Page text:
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How can i delete object even it has references(c# or Java)?

For example:

void Main()
    var f = new Foo();
    var person = f.GetPerson();


public class Foo
    private object _person;

    public Foo()
        _person = new object();

    public object GetPerson()
         return _person;

I want to delete _person from memory how can i do it?

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_person = null; makes _person eligible for garbage collection, but you can't ever be sure when the garbage collector will remove it from memory –  PermGenError May 17 '13 at 11:01
@PermGenError unfortunally i havent access to _person from Main method. –  Neir0 May 17 '13 at 11:02
@Neir0 don't you have a set_person(watever) in your Foo ? –  PermGenError May 17 '13 at 11:03
@PermGenError _person is private field if i make a possible to change it from outer code(not from Foo) then is not better to make it public? –  Neir0 May 17 '13 at 11:05
What are you actually trying to achieve. If you explain the problem more clearly, with a broader scope, people might be able to help. –  Will Calderwood May 17 '13 at 11:05

3 Answers 3

up vote 12 down vote accepted

You can't, briefly.

If you did want to achieve something similar, you could reference your Person via a proxy, and pass the proxy around. So you could set the underlying Person reference to null (simply indicating the object is available for removal - not forcing its removal), but the clients would still contain a proxy reference.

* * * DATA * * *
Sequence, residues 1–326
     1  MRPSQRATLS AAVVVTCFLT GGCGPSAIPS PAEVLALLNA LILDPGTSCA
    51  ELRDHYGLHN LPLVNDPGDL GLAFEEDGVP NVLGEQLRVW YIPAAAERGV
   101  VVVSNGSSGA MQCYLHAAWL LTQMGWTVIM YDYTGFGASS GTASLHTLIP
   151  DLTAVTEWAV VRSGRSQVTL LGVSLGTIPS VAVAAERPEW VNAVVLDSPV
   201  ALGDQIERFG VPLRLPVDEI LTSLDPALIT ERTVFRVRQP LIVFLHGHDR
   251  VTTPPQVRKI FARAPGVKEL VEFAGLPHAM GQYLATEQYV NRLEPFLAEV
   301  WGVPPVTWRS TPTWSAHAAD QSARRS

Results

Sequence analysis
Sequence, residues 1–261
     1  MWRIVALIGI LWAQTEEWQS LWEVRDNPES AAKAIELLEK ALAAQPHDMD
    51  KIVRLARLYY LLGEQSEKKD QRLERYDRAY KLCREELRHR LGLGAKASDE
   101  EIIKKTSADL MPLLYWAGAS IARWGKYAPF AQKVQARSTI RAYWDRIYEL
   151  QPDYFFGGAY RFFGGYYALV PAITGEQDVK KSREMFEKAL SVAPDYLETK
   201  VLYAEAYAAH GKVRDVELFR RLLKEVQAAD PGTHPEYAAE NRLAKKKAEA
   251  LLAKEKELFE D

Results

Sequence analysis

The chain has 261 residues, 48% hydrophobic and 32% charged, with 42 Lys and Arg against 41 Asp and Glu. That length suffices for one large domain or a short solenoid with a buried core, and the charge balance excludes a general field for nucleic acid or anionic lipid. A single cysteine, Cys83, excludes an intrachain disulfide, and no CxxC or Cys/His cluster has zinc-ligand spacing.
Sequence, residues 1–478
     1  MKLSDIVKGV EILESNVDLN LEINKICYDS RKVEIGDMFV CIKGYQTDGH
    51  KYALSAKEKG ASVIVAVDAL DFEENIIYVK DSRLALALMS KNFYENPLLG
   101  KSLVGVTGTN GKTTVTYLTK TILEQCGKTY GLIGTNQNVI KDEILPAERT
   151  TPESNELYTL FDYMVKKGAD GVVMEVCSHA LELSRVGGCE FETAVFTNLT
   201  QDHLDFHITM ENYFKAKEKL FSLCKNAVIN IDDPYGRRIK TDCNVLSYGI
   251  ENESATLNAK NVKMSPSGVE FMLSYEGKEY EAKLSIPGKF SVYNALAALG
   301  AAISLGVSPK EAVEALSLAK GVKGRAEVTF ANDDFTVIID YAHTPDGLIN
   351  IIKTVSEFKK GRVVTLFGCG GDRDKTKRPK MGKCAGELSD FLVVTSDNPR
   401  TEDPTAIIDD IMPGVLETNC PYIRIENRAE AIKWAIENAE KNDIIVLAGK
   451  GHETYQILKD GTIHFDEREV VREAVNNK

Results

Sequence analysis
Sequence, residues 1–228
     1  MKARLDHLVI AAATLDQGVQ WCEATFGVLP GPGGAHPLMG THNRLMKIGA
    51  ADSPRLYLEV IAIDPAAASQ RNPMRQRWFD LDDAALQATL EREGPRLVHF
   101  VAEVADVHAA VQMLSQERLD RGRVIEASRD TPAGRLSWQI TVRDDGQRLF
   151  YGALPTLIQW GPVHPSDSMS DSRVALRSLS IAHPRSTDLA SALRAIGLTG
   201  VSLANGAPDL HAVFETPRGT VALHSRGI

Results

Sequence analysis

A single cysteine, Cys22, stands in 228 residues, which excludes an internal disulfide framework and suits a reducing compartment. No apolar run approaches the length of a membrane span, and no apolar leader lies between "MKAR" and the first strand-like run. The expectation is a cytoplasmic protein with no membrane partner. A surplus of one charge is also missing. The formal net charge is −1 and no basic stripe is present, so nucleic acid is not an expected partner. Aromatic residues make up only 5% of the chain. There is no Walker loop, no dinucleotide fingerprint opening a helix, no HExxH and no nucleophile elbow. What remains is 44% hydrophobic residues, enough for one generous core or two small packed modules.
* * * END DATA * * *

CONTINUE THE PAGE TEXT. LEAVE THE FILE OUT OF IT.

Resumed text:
You may want to check out Java SoftReferences and WeakReferences, which are related, and can trash objects during garbage collection cycles, despite their weak/soft references being available elsewhere.

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Basically, you want to invalidate a living reference. This would break the key assumption of languages with automatic memory management, which is the impossibility of derefencing invalid pointers. At least in Java this is surely impossible and I invite a C# expert to contribute to this community wiki with C#-specific information.

Towards the solution of your requirement: you must encapsulate the reference to your object inside another one and never let the reference escape, so as to ensure 100% ownership of that reference. So the outside object will need to have the complete API of the inside object replicated, basically the Decorator pattern.

If you do that, you'll have the option to set the internal reference to null at any time and thus reliably release the object.

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You can't remove an object from memory with reference in a managed language.

You can remove it from memory in C# by setting the reference to Null and calling GC.Collect()

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